What makes Moscow unlike any other city is the complex at the heart of the city, especially the Kremlin, St. Basil's Cathedral and Red Square.

The Kremlin: View from Moscow River
(Photo: PT)

St. Basil's

The Gang of Four at Red Square

Stalin and Lenin greet a young Comrade at Red Square:

Red Square can have a certain Disneyesque air at times:

Red Square Critters

 Just off Red Square stands the famous GUM Department Store - actually more like a mall than a single store.

Further along the Moscow River, a huge statue of Peter the Great astride a ship.  He is the Czar who turned Russia into an ocean-going power.

And nearby, the entrance to the famous Gorky Park, known to many Westerners through Martin Cruz Smith's detective novel of that name.

The park is family friendly, with lots of people hanging out on inflated mats.

Li Wei and I went to the Ukraine Hotel for an elegant hamburger lunch, since Vasily told us we could get a spectacular view of Moscow from its top floor restaurant.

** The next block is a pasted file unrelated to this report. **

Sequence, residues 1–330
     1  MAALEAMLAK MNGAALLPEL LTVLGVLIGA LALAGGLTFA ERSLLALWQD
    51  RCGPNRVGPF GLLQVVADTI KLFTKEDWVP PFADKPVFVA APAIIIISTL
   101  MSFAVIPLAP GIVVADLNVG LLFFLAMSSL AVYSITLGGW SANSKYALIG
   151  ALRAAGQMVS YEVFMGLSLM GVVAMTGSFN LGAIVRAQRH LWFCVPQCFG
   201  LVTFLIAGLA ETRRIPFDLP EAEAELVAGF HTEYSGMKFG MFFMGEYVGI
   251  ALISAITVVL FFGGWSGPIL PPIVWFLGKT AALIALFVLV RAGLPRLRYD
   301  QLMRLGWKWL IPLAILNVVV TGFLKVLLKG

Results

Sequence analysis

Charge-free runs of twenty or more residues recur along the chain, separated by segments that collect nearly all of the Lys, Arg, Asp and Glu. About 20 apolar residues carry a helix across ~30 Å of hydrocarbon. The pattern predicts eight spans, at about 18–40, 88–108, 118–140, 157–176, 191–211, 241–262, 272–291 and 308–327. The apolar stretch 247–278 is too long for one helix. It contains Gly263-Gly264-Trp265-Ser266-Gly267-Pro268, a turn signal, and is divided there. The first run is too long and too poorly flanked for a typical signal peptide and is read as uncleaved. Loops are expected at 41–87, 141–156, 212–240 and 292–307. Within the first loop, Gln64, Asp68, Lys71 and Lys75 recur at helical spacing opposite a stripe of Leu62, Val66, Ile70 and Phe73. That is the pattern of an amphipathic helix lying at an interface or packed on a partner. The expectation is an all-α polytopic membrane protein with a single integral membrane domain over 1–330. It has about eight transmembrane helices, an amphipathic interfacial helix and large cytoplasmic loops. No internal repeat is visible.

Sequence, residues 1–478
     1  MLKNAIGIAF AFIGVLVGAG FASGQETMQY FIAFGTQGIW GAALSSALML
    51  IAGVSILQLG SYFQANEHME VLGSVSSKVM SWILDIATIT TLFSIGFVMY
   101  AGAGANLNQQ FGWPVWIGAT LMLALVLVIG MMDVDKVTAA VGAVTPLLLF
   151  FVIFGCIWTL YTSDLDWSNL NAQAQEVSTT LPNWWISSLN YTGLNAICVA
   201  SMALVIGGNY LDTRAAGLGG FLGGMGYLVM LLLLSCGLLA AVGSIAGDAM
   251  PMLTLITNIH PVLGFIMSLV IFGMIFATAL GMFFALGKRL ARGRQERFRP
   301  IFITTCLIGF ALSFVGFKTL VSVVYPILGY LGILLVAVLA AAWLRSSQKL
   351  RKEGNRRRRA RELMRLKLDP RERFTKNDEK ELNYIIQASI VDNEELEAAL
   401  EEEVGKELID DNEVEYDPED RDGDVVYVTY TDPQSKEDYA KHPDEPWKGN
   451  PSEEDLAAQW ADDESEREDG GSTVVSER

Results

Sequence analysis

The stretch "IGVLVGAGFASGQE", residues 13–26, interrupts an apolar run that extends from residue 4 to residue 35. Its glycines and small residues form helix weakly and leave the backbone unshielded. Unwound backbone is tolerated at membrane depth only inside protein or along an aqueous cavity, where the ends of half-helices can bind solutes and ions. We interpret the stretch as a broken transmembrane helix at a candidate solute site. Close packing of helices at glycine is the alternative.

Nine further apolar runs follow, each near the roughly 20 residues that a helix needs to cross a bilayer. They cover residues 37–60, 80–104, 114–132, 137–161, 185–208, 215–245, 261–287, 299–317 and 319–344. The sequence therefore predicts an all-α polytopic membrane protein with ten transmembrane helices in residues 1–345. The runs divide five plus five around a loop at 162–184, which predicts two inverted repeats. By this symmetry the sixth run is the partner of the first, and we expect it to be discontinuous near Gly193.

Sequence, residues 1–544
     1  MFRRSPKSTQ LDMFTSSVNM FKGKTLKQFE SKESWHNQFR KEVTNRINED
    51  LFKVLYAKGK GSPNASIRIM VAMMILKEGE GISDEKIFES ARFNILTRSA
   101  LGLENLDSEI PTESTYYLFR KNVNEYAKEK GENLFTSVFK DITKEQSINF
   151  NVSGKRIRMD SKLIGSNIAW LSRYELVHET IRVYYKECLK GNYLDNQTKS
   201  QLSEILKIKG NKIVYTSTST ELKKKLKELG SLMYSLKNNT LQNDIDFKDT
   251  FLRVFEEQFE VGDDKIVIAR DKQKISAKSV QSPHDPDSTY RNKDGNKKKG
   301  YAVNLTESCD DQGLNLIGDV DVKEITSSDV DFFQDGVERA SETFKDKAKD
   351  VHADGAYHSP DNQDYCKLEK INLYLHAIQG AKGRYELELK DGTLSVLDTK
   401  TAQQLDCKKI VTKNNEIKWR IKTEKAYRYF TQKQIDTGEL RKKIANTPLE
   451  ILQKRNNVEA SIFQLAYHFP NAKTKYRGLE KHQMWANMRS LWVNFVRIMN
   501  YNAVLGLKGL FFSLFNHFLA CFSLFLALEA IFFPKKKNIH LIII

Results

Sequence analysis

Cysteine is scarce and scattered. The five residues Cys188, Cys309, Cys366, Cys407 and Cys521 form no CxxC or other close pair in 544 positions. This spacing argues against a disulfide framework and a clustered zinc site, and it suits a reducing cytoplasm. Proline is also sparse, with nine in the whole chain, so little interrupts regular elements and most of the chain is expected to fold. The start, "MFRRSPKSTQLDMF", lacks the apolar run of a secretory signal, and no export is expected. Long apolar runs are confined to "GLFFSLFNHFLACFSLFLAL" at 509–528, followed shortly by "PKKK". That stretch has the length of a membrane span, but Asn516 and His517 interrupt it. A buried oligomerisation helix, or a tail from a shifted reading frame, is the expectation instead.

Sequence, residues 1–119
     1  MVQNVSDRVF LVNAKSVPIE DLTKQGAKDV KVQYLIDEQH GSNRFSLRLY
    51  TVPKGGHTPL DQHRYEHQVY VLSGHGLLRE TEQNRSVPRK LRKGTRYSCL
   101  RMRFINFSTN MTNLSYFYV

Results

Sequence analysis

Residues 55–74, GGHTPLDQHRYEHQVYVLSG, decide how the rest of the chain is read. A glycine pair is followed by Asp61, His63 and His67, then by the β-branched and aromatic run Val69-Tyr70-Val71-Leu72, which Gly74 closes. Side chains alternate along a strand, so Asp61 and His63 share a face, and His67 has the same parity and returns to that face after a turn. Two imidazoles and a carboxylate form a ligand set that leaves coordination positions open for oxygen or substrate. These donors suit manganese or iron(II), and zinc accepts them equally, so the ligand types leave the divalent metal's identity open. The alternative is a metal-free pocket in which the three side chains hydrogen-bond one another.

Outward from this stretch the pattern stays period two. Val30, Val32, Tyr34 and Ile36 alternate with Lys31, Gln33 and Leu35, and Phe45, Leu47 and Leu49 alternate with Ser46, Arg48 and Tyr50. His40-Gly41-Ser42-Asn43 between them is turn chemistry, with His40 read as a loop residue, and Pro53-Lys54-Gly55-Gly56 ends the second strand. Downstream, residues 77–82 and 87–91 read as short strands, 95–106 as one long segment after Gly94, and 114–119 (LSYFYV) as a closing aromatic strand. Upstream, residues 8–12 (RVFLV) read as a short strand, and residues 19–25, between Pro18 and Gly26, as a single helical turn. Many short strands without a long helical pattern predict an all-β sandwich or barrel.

Outside was a fleet of Rolls Royces - clues that our burgers would not be cheap.

The Ukraine Lobby

Li Wei in the elevator.

The Dining Room (which we had to photograph surreptitiously, since pictures were not supposed to be allowed)

Burger and Fries a la Ukraine

From the Ukraine: A View of Moscow's White House, where the Russian Parliament meets.

Scenes from the Street: A Musician

The Latest Film - The Heat:

From the Mayakovsky Museum:

The Handsome, Dashing Vladimir Mayakovsky, Soviet Era Poet and Playwright.  One of our group had a major crush on him, but to prevent her embarrassment, I will decline to identify her.

Patricia at Moscow University

Brother Li Wei on the Train to the Dacha.

And, Brother Jose

(Coke : Jose :: Spinach : Popeye)

In Downtown Moscow, Receptor, a Cool Hangout

Receptor Interior

Receptor Piano

Farewell, Dear Moscow, we will miss you, as we will miss our friends Vasily, Olga and Katia.

до свидания!